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Posts Tagged ‘Charles Osgood’

The Annual Hungerthon Underway on CBS Radio Stations; Dedicated to Pete Fornatale

WhyHunger is the organization at the heart of Hungerthon, the yearly charity event broadcast today on many stations, primarily owned by CBS Radio.

Started in 1975, this year’s event takes on a special need–victims of Superstorm Sandy. The devastation altered the airing of Hungerthon, which traditionally runs close to Thanksgiving.

“Hurricane Sandy created a crisis that was front and center in everyone’s minds and life experience,” Noreen Springstead, director of marketing and fundraising for WhyHunger, tells FishbowlNY. “Families who had never before been without food or shelter were forced to endure these hardships for the first time, and many are still struggling to meet their basic needs.”

Despite the agency’s focus on the long-term poverty crisis, WhyHunger partnered with numerous tri-state groups to provide essential food and water to those struggling in the days and weeks since Sandy.

“Through Hungerthon’s many public service shows we are shining a spotlight on those organizations and also raising funds for their work,” Springstead says. “We have long-term relationships with the most effective organizations in New York and New Jersey that are solving the hunger problem and are able to support them during this critical time.”

Springstead says those in need can call the national hotline at 1-866-3-Hungry for assistance.

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Remembering Andy Rooney, a ‘Giant of a Man’

He was a staple at CBS for more than 60 years, but Andy Rooney became a household name when he joined 60 Minutes on a regular basis in 1978.  He retired from the program just last month, vowing that he wasn’t retiring because “writers don’t retire, and I’ll always be a writer.”

Rooney died last night in New York at the age of 92.

Another longtime fixture at CBS News, Sunday Morning host Charles Osgood knew Rooney for decades, and says his popularity on 60 Minutes was cemented early in his career.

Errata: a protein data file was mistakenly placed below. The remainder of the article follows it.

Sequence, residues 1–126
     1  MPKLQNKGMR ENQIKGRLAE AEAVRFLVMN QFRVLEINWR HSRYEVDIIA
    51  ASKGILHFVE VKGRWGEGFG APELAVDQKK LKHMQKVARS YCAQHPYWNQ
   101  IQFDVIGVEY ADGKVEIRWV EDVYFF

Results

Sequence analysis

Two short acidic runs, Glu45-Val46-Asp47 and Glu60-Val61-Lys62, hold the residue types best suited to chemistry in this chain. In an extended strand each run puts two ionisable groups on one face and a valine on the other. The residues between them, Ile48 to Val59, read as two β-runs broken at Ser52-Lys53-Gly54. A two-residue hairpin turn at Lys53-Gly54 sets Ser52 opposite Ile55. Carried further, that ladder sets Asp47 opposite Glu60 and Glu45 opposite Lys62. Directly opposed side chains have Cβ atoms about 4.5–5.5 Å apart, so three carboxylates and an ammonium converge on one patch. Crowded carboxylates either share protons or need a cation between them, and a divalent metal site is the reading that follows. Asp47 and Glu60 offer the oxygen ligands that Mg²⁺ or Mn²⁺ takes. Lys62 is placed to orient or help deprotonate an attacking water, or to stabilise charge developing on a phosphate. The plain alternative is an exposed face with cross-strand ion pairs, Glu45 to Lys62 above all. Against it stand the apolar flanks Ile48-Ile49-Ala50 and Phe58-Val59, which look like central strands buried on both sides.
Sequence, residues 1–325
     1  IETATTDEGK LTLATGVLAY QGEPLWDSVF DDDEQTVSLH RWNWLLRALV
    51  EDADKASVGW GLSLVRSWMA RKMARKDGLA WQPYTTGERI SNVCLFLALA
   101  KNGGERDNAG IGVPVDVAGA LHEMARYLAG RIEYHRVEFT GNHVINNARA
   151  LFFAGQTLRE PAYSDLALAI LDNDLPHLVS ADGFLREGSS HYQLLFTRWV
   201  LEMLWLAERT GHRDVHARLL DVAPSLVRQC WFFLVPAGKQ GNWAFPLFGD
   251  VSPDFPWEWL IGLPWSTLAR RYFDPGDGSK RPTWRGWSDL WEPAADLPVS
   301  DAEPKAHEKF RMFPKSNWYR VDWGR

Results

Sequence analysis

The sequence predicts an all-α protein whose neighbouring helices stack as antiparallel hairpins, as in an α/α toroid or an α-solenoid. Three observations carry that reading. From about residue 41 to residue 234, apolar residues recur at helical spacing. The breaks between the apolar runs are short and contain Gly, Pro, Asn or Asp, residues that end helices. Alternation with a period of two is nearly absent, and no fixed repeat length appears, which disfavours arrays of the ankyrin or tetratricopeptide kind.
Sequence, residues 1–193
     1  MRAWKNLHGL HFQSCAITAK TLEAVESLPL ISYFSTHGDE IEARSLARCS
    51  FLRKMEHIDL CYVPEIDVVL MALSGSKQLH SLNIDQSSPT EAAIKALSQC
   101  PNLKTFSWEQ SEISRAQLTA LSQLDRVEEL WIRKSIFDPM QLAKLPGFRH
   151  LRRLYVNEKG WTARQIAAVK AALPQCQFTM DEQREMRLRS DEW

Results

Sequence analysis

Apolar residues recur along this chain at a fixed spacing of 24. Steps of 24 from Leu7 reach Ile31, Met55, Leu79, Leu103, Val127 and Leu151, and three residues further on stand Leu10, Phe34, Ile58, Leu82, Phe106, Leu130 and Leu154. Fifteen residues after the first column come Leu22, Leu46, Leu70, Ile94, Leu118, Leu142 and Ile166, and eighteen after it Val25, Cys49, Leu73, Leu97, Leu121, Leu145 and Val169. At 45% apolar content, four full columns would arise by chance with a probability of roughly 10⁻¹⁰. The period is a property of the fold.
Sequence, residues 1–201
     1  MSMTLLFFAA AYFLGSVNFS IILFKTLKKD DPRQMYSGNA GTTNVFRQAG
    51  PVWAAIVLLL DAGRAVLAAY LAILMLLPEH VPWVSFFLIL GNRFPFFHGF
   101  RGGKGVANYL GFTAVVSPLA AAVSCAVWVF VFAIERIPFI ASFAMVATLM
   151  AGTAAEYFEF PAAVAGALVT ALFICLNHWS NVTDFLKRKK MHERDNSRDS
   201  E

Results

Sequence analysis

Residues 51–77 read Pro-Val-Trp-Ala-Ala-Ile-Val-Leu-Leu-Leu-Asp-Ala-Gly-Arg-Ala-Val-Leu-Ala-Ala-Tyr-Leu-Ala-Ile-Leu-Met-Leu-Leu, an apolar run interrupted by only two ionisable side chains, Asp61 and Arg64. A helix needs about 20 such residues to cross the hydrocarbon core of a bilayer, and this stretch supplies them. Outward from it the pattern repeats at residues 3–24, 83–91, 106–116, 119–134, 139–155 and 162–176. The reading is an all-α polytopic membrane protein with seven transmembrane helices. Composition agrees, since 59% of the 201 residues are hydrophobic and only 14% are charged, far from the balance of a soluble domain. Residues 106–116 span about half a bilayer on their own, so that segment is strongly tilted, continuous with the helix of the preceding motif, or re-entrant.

“An important thing that people overlook about Andy is that he was a comedy writer,” Osgood tells FishbowlNY.

Rooney established his writing chops with CBS heavyweights Arthur Godfrey and Garry Moore.

Later, he moved his talents from the entertainment side to news, collaborating with Harry Reasoner for his prime time “reports.”

But it was at 60 Minutes that Rooney would write for himself and get in front of camera.

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NBC’s Brian Williams and WOR’s Rick Buckley Named Giants of Broadcasting

ABC News' Christiane Amanpour

NBC Nightly News anchor Brian Williams, on the job since 2004, was selected yesterday as one of the Giants of Broadcasting at a ceremony in Manhattan.

Williams, who grew up in Middletown, New Jersey, worked at WCBS/Channel 2 earlier in his career.

Charles Osgood was honored as part of CBS’ Sunday Morning program. Osgood has hosted the iconic broadcast since 1994 when Charles Kuralt stepped down.

“We had an hour and a half, which is time enough to cover a lot of territory and you can devote a little time to things that otherwise you wouldn’t have time for,” Osgood says.

Rick Buckley, who ran WOR Radio as part of his privately-held chain of stations, was honored posthumously. His wife, Connie spoke emotionally about Buckley, who died in July.

ABC’s This Week host Christiane Amanpour (above), the longtime CNN correspondent, was among the inductees.

TVNewser has more from Friday’s event.

We have photos from the luncheon after the jump.

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Brian Williams, Rick Buckley Named 2011 Giants of Broadcasting

Thirteen individuals with a rich history in the business have been selected as this year’s Giants of Broadcasting. The Library of American Broadcasting Foundation puts the event together each year.

Among the stellar list: